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Pakistan to soon launch second phase of repatriation of documented Afghans

Even as confusion prevails about the exact number of undocumented Afghans sent back from Pakistan to their country, preparations are afoot to launch the second phase of repatriation aimed at nearly one million ‘documented’ Afghans, a media report said on Monday. The Interior Ministry had already issued directives to district authorities and police to expedite the mapping, and collecting data of the whereabouts of the Afghan Citizen Card (ACC) holders and given March 25, Monday, as the deadline to complete the exercise, the Dawn newspaper reported quoting documents it had accessed and an official privy to the developments.

Pakistan launched the first round of repatriation of what it called “undocumented aliens” in November last year.

No date has yet been announced, but the official said the campaign to repatriate hundreds of thousands of ACC holders could begin in early to mid-summer, following approval from the federal government.

“We have already started the mapping process,” Abid Majeed, Khyber Pakhtunkhwa’s additional chief secretary, told the newspaper.

“It will pick up the pace after Ramazan and we hope to complete the survey before April 30,” he said.

According to UNHCR, the UN refugee agency, there are 2.18 million documented Afghan refugees in Pakistan. This includes the 1.3 million refugees holding Proof of Registration (PoR) cards as per the census carried in 2006-07, as well as an additional 8,80,000 refugees granted ACCs following a registration drive in 2017.

The collapse of the civilian government in Kabul following the return of the Taliban to power in August 2021 saw another influx of worried Afghans into Pakistan. Officials put their number anywhere between 6,00,000 and 8,00,000, some with valid travel documents, but an uncertain future.

After the October 31, 2023 deadline ahead of the first drive, no official data was released as to how many of the estimated 1.7 million undocumented Afghans have left for their country since November 2023, though the figure likely fell hugely short of what is now being considered a grossly exaggerated number.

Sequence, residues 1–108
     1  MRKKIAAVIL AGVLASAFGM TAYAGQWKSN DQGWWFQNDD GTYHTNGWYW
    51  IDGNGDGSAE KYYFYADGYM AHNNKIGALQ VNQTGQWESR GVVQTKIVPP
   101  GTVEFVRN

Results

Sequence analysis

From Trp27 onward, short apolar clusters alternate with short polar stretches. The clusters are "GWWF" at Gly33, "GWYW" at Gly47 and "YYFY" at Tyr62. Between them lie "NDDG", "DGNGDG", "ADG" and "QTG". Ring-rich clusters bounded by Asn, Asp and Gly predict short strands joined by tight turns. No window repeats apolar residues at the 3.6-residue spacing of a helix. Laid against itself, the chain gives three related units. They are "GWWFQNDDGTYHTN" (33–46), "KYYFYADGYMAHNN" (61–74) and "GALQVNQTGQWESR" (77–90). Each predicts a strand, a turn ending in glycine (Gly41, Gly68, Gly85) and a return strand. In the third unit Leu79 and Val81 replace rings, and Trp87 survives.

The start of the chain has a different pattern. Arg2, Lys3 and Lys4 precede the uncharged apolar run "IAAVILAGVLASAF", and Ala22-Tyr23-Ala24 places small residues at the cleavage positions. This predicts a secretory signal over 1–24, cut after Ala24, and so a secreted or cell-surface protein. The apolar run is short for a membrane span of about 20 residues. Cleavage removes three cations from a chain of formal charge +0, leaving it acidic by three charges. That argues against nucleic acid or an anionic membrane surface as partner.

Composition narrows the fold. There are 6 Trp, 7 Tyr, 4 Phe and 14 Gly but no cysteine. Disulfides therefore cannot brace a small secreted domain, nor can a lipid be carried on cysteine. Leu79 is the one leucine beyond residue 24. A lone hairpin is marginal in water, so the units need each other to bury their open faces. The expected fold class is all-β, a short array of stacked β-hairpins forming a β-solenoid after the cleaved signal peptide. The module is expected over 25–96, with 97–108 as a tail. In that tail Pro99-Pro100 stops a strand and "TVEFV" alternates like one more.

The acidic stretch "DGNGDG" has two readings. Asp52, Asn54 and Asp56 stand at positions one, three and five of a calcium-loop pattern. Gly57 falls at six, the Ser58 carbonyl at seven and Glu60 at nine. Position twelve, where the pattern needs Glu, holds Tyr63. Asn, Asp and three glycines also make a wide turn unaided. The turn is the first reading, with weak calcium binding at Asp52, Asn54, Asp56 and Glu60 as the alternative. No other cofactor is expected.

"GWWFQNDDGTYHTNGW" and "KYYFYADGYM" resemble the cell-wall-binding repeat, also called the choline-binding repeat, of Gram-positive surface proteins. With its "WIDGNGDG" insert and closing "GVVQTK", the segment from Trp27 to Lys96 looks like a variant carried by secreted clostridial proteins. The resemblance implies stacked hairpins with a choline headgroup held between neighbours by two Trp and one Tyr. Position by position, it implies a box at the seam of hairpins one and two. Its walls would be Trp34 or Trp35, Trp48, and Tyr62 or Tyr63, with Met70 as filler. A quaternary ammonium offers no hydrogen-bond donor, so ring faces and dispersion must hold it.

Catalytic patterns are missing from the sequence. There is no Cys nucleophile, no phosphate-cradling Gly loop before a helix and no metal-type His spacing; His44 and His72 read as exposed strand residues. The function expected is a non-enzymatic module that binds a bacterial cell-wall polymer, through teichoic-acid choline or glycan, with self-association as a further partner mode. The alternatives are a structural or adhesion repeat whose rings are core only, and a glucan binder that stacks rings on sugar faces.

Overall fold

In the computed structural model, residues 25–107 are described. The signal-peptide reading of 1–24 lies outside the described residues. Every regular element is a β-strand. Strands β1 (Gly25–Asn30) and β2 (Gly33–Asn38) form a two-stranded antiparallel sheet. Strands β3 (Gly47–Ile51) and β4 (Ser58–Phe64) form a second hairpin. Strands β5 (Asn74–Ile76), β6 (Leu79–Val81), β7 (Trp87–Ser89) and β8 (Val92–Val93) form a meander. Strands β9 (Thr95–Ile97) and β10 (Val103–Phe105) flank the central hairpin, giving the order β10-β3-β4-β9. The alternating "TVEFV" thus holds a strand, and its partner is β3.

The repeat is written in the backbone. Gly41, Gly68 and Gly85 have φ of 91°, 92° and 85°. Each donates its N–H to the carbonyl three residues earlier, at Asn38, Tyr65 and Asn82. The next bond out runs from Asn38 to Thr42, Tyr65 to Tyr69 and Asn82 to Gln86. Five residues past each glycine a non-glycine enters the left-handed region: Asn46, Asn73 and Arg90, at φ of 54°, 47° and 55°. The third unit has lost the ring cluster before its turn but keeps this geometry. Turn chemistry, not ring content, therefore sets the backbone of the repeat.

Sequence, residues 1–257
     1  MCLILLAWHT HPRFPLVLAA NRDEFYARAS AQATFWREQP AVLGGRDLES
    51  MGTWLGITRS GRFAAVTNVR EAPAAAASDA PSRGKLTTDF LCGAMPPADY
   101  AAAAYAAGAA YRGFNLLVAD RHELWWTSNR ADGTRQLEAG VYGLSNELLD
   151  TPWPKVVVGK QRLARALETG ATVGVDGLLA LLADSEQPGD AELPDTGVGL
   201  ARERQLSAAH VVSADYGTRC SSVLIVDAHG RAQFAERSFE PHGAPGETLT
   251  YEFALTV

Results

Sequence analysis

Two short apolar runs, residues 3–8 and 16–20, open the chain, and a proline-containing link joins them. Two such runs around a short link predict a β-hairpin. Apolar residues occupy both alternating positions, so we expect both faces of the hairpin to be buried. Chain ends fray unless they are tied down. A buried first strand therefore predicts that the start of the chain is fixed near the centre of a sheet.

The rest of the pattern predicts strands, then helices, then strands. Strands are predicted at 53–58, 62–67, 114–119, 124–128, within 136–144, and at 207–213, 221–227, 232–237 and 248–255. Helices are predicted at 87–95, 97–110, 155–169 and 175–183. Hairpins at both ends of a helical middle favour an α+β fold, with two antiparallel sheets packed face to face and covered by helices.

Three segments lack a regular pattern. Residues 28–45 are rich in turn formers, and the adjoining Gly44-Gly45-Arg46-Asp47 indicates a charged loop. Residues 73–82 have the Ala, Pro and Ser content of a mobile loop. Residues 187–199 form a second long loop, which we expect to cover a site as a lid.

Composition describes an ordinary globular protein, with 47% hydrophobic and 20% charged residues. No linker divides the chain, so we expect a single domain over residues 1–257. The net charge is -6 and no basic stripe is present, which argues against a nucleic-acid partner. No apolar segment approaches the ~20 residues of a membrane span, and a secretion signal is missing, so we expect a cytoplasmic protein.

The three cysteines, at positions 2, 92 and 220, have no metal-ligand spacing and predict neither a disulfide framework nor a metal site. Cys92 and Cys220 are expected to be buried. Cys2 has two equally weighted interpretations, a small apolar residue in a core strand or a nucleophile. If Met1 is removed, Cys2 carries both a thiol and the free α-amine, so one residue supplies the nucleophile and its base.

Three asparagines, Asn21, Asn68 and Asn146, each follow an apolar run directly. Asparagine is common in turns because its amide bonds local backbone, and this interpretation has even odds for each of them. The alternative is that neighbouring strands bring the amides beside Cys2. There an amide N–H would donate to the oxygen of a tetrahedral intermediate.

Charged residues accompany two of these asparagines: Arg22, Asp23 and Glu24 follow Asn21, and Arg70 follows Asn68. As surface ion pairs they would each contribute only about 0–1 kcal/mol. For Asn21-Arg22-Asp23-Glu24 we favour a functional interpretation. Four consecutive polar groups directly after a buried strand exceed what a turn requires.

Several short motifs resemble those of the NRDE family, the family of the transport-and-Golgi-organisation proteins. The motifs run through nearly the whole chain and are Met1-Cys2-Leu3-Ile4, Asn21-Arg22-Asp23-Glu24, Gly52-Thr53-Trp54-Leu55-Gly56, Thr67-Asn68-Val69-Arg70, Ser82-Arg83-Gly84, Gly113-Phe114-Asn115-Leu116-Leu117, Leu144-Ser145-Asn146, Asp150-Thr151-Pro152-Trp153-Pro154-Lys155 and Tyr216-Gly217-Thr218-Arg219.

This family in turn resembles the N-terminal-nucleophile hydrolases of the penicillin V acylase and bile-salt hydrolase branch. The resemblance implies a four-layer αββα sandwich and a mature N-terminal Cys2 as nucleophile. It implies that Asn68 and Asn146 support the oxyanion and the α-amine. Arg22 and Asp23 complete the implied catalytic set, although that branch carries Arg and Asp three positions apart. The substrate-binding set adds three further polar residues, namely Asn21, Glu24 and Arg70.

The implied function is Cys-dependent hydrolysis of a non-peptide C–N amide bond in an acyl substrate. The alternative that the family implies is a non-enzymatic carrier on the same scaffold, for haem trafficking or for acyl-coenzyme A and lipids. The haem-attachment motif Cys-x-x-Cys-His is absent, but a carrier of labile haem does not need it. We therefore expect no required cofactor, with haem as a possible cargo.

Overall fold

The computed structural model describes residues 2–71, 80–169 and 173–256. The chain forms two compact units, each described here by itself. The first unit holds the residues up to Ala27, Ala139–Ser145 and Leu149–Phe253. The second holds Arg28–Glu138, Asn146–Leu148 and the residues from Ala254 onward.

But according to informed sources, the total number of undocumented Afghans who have returned to Afghanistan via Khyber Pakhtunkhwa and Balochistan provinces in the first round stands at around the half-a-million mark.

Amid mounting pressure to speed up the repatriation of undocumented Afghans in the face of a low exit headcount, officials approached the Ministry of Interior soon afterwards wondering about the origin of the ‘1.7m undocumented Afghans’ claim and sought revalidation of the figure.

No one knows how many of the 8,80,000 ACC holders remain in the country, or how many of them have opted to return to Afghanistan voluntarily.

Officials say they have approached the Ministry of Interior to double-check the figure with the National Database and Registration Authority.

Also, the exercise to differentiate between those with ACCs and those with PoRs could prove quite tricky and put even more pressure on the already-strained relations between the two neighbours.

Taliban chief spokesman Zabihullah Mujahid, who had called the repatriation of undocumented Afghans “unacceptable”, struck a more conciliatory tone in an interview with Tolo News recently, calling for more refugee leniency from Pakistan.

However, undeterred by criticism from Kabul and the concerns voiced by human rights bodies and the UN, Islamabad appears to have made up its mind to continue with its repatriation programme and expand it further to include even documented Afghans.

The repatriation of Afghan refugees, which was part of the National Action Plan, has also now found its mention in Prime Minister Shehbaz Sharif’s 100-day working plan.

Accordingly, all provinces and the so-called government of Pakistan-occupied Kashmir have been asked to complete the mapping and verification process of ACC holders by March 25, 2024.

But officials say the mapping could take longer, and it may take at least another month to complete the process.

The federal government is expected to announce a date for voluntary repatriation with a one-month cut-off once the mapping survey is completed, an official said.

No decision has yet been made, nor have there been any formal discussions on the repatriation of a relatively and significantly larger population of PoR card holders, who are formally recognised by the UNHCR as refugees.

But more than a million Afghans with PoRs, who have been living in Pakistan for decades, worry their turn could come soon, reported Dawn.

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